MATEC Web Conf.
Volume 282, 20194th Central European Symposium on Building Physics (CESBP 2019)
|Number of page(s)||9|
|Published online||06 September 2019|
Experimental field-trial design to investigate the effects of a defective internal vapour layer on timber frame wall constructions including initial findings
1 Technological University Dublin, Dublin, Ireland
2 Dublin Energy Lab, Dublin, Ireland
* Corresponding author: email@example.com
Hygrothermal analysis in multi-layered building components is becoming common practice. Low energy design criteria demands an increase in thermal and airtightness requirements resulting in more complicated building envelope designs to accommodate the necessary insulation and airtightness layers. Furthermore, in many cases materials are being chosen based solely on their thermal characteristics without fully considering other properties and this may lead to unintentional interstitial moisture-related problems. Much progress has been made in developing tools for undertaking hygrothermal simulations; however, there are on-going questions regarding how best to model imperfections and defects accurately using these software packages. Results of simulation models carried out in accordance with the new WTA guideline have been reported in literature as encouraging and confirming practical experience. Further verification of these simplified methods is therefore essential, including investigations of the relationship between model assumptions and typical defects in different construction types. Therefore, there is a need for specific field experiments and laboratory tests which gather the data necessary to validate and/or calibrate these models under a wider range of constructions types, defect types and climates. This paper describes the experimental design and fabrication of a full-scale timber frame test house that has been developed to assess the impact of a common defect in the internal vapour control/airtightness barrier, along with initial data results and findings. The data obtained will be used to validate existing commercial hygrothermal models and investigate different parameters and methods for modelling these vapour barrier defects.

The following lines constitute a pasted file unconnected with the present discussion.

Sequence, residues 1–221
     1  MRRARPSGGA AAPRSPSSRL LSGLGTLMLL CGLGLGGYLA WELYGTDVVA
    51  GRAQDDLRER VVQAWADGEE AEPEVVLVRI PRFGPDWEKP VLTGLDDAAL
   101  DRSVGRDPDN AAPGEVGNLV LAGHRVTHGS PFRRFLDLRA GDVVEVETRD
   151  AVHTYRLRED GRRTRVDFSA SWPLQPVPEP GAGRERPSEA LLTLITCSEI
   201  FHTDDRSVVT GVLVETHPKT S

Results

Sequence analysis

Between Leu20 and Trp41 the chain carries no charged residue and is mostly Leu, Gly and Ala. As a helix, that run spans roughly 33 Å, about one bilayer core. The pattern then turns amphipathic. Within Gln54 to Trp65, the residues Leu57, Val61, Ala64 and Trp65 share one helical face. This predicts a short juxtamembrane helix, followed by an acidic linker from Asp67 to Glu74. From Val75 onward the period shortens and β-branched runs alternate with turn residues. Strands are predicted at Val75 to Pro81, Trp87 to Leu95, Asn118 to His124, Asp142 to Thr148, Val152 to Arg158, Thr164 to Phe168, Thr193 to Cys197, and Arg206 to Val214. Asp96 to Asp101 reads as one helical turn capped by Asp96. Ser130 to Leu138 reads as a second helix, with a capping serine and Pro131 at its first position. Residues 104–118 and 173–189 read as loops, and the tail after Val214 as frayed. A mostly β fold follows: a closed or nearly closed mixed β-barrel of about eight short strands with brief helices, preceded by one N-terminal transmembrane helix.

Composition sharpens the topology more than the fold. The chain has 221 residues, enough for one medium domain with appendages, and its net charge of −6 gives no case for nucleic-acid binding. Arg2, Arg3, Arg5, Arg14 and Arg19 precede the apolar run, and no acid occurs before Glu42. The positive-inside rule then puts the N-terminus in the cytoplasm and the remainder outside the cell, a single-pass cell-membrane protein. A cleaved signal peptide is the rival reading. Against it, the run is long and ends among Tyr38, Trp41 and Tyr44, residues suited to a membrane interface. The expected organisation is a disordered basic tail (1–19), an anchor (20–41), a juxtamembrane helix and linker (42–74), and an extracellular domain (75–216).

© The Authors, published by EDP Sciences, 2019
This is an Open Access article distributed under the terms of the Creative Commons Attribution License 4.0, which permits unrestricted use, distribution, and reproduction in any medium, provided the original work is properly cited.
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